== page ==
International Produce Training

Freezing Problems

Although you may run into problems with frozen loads any time of year, due to issues with the reefers, this time of year adds the element of nature to compound the transit problems with produce.   There are specific products that are more susceptible  to freezing than others, and there are a few places you want to concentrate on looking when a trailer backs in and is ready to unload.

First off, products with higher sugar content usually have a lower freezing point.  For example, broccoli and celery will freeze at 31 degrees, while the freezing point of cherries and grapes is about 28 degrees Fahrenheit.  Finding the freezing injury on some commodities is relatively easy, such as identifying frozen lettuce, romaine, cucumbers.

Other commodities are more difficult to detect freezing injury, especially if it is slight.  Potatoes will breakdown when thawed out, will leak and will produce a strong odor, but in the frozen state they are very difficult to detect.  An inspector must take the point of their knife and insert it into the potato about 3/8 inch and twist the knife, hoping to hear a sharp snap.  If no snap is heard, the potato most likely is frozen.  Sweet peppers are also difficult to detect when freezing injury has affected them, as they will develop sunken pitted areas after they warm up.  But catching the problem up front is not easy.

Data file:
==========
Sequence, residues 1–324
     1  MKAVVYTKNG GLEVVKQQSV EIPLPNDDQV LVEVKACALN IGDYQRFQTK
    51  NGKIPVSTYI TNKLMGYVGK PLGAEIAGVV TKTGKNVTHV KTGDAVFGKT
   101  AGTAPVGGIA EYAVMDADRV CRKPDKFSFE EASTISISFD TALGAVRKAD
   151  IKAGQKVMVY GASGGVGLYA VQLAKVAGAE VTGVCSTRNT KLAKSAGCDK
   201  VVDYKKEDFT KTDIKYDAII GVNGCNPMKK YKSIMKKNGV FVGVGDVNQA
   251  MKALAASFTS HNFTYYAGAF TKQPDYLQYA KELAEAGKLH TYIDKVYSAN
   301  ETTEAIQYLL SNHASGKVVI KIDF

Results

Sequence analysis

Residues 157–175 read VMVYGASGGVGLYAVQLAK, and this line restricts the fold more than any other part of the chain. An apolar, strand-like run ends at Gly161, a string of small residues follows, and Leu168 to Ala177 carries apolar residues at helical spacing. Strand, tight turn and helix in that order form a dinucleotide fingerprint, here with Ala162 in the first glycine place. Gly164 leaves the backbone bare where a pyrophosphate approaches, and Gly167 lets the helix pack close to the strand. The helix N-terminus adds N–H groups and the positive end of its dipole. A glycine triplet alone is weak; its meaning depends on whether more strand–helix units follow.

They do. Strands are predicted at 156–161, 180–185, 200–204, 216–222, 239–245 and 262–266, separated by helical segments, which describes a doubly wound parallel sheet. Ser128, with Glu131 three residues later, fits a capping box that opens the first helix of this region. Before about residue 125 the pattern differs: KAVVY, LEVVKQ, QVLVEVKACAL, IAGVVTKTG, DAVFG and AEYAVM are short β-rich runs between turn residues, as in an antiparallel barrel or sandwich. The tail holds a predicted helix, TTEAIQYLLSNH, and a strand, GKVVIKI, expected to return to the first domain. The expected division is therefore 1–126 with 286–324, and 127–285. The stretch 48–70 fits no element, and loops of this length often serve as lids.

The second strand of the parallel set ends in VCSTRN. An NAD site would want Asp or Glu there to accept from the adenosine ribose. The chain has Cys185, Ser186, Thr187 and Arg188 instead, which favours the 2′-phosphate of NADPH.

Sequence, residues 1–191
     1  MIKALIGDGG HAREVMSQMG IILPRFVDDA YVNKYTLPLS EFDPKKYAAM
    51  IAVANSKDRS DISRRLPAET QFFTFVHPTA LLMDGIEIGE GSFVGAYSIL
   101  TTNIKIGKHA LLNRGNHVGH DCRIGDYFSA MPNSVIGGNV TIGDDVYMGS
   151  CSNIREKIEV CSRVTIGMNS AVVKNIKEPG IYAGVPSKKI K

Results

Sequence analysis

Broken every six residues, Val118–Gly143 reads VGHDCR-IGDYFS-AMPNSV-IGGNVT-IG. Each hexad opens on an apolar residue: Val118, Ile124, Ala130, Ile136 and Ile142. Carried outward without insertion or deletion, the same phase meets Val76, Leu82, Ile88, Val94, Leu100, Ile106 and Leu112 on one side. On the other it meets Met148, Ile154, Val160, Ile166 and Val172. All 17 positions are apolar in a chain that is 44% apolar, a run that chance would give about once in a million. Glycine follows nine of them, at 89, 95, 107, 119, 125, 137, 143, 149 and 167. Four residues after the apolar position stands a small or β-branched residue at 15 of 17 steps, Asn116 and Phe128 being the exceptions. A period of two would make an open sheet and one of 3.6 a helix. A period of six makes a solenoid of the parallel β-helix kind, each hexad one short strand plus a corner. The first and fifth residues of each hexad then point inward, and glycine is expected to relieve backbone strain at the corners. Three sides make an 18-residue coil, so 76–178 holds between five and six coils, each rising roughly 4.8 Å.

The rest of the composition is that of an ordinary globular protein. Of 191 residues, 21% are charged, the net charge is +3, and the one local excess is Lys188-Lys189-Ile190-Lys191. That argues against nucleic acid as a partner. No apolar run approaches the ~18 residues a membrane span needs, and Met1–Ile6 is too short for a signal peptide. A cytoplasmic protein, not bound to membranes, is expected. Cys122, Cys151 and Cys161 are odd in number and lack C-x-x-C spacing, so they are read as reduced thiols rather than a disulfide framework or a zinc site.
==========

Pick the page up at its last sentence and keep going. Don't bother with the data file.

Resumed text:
There are a few places you can concentrate your search for possible frozen product:

  1. If you suspect a problem, as you may actually see frost inside the trailer floor or wall, the first pace you would want to look would be product in contact with the trailer floor.  Most shippers will stack their product on pallets or lay cardboard down on the floor for protection.  Whether the product is floor-stacked or not always zero in on the floor layer containers first.
  2. The second place to check out would be any containers in contact with the sidewalls.  More specifically check the product that would be in contact with the walls.  Although the walls are insulated the extreme cold may penetrate the walls and affect the product.
  3. And lastly you would want to inspect any of the cartons in contact with the metal rails along the sides of the trailer.  The metal will act as a conductor for the cold and will cause problems for some products in contact with the metal.

If you do find freezing injury always work you way up from the bottom or in from the sides of the trailer or rail car to determine how extensive the freezing injury may be.  If you need to call for a USDA inspection always let the inspector know you have found some freezing injury, point out the location of the problem, and you can even choose to request the inspection be restricted to freezing injury only.  They may otherwise miss the freezing injury as they take random samples throughout the load, not necessarily concentrating on the problem areas.

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